The Myth of Unitary Self: A Dialogue on the Multiplicity of Mind with Daniel Siegel, MD and Richard Schwartz, Ph.D.

Objectives

  1. Assess how to help clients not over-identify with a single part of themselves, and empower them to move beyond the diagnostic labels they feel define them
  2. Evaluate the concept of mindsight and how an enhanced ability to perceive the workings of one’s own mind can lead to greater levels of personal integration
  3. Assess the distinction between the Self and one’s parts and how it can help clients develop a capacity for self-leadership and self-regulation
  4. Communicate the practical similarities and differences between two widely influential models of personality and change

Outline
Brief overview of interpersonal neurobiology

Internal Family System (IFS) view of multiplicity

Discussion between presenters Daniel Siegel and Richard Schwartz on how to bring the concept of multiplicity into therapy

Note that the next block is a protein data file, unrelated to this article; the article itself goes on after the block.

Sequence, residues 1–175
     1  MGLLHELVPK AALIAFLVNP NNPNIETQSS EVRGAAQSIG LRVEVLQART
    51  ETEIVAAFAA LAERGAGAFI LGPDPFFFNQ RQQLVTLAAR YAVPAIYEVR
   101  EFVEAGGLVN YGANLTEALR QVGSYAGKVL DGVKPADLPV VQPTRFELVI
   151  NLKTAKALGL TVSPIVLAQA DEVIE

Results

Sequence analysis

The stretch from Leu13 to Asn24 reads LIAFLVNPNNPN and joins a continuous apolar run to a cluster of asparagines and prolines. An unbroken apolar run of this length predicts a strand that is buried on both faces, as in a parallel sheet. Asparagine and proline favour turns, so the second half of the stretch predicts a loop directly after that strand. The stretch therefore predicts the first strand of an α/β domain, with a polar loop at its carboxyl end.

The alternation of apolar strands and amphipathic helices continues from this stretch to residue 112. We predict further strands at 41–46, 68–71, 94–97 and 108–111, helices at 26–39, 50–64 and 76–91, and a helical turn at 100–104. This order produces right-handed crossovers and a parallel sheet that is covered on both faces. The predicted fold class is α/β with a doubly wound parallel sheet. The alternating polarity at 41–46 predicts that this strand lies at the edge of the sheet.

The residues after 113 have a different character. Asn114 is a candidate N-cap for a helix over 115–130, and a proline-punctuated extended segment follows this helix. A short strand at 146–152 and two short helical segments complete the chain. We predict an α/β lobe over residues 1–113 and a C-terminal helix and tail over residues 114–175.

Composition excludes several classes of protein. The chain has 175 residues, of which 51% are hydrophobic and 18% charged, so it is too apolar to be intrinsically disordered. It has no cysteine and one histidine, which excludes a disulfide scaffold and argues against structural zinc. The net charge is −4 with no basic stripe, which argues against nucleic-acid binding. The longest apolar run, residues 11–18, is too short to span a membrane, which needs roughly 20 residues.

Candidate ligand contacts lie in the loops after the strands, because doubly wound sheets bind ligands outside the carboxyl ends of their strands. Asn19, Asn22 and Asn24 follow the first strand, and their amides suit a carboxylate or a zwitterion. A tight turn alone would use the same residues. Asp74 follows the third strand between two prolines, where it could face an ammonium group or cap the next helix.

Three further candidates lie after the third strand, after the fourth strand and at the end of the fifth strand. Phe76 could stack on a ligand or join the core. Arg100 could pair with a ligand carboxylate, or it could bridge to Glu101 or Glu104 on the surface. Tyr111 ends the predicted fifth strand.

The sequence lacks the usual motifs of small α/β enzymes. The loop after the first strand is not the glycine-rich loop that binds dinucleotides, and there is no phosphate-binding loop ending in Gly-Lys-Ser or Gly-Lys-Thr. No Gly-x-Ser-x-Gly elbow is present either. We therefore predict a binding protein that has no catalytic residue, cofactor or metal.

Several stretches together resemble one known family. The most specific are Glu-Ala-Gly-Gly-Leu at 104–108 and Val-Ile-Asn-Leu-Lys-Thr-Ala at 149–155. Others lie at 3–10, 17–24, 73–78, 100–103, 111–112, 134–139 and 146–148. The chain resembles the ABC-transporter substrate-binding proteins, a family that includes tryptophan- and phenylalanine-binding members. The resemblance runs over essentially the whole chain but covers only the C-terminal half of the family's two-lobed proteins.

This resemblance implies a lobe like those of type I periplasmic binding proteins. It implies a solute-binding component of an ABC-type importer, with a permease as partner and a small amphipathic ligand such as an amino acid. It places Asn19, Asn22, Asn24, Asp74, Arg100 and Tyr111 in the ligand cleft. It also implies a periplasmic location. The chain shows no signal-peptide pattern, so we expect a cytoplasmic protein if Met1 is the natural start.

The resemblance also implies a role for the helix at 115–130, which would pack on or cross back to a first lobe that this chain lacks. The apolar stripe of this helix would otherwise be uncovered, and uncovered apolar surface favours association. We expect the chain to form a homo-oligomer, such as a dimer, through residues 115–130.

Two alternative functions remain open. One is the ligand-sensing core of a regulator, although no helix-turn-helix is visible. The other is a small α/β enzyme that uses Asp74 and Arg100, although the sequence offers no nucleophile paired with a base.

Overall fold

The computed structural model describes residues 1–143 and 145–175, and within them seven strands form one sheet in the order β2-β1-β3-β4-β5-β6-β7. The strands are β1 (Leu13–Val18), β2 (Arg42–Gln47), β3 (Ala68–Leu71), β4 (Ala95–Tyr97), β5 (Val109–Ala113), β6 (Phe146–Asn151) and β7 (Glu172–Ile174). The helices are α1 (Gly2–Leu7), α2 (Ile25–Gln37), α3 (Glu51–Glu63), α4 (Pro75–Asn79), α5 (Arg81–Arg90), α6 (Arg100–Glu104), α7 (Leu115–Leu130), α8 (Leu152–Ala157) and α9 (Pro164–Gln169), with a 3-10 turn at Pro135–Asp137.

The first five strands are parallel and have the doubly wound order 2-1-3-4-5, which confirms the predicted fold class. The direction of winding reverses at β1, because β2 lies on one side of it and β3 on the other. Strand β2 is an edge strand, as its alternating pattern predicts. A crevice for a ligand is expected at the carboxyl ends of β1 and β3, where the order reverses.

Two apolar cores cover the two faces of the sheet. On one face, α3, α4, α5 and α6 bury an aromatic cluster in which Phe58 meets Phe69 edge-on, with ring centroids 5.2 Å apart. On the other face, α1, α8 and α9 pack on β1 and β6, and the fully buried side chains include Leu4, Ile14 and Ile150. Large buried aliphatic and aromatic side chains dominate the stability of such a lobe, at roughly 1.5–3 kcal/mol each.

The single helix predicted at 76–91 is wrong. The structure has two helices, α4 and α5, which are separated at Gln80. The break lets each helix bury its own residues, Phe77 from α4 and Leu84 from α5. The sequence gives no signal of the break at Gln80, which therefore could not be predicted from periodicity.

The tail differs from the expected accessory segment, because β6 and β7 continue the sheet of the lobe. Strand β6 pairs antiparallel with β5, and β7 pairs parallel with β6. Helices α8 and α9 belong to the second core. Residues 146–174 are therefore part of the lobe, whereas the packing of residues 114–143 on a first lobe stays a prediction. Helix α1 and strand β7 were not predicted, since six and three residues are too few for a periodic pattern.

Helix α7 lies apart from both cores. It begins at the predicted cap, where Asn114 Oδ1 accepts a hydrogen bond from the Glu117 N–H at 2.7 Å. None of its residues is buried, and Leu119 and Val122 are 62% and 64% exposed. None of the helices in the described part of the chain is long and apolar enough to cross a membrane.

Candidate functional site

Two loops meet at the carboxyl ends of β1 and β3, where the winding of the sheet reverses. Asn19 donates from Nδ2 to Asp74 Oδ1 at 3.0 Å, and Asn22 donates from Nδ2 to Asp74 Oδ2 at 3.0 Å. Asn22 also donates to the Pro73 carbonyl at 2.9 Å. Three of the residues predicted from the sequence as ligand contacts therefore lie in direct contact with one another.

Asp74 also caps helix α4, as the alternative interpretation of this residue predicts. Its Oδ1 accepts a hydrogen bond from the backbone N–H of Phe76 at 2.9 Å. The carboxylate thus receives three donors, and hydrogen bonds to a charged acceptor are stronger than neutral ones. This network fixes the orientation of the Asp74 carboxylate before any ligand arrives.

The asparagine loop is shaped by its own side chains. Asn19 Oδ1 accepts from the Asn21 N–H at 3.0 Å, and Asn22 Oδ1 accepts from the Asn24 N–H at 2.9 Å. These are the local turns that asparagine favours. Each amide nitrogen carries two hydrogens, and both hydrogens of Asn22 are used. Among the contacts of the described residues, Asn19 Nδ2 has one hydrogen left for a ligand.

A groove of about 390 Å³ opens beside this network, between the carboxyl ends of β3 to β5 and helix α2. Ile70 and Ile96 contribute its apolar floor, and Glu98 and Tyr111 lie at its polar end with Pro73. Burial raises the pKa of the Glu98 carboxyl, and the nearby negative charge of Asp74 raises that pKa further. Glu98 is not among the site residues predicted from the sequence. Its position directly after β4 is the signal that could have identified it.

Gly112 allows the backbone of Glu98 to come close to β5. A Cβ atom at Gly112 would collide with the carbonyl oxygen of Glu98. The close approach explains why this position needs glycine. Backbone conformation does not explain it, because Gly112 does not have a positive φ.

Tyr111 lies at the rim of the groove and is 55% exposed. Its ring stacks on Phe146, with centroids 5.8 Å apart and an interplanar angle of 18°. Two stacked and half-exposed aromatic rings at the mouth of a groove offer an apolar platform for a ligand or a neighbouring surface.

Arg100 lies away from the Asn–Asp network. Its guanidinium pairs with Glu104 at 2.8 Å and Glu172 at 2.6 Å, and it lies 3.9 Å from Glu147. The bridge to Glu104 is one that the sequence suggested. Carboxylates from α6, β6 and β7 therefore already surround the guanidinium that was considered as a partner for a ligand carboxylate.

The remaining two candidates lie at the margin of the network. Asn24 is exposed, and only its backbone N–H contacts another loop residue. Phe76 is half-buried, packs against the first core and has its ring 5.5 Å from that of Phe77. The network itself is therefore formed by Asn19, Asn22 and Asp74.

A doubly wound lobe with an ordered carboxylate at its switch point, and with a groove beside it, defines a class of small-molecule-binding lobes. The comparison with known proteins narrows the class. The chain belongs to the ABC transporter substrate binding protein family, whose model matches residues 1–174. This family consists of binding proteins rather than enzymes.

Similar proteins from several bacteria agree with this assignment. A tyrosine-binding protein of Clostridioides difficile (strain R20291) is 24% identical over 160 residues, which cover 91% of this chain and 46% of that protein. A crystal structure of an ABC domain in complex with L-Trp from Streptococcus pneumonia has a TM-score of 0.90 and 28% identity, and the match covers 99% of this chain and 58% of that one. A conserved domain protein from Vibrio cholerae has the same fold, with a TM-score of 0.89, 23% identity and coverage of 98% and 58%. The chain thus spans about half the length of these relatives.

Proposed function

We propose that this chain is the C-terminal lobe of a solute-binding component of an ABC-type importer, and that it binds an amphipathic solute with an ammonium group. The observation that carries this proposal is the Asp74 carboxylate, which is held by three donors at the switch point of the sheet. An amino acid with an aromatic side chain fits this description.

Exercise to overcome emotional obstacles
Concluding discussion between speakers

Audience question and answer session with speakers

Copyright : 03/28/2015

IFS for Complex Trauma

Objectives

  1. Explain why Internal Family Systems therapy is an effective method for treating trauma.

Outline

Copyright : 09/06/2012

The Inner Game of Psychotherapy

Objectives
  1. List 3 protocols of IFS therapy and how to apply them when working with clients who have complex developmental trauma.

Outline

Family therapist, Richard Schwartz introduces the concept of Internal Family System (IFS)- a clear, systematic methodology for helping clients heal themselves.
A basic premise of IFS is that the “Inner Self” is not a single, monolithic persona, but in fact, a complex Internal Family System (IFS) of different parts-or sub-personalities-each with its own sometimes antagonistic memories, viewpoints, desires, and agendas.
Understanding IFS Parts

Three most common roles played by internal parts

Understand the Self in IFS

Basic Goals of IFS:

Introduction of case study: a clinical video demo using IFS with a client who has a history of complex developmental trauma
Video illustrates the key steps in the IFS model:

Copyright : 05/27/2015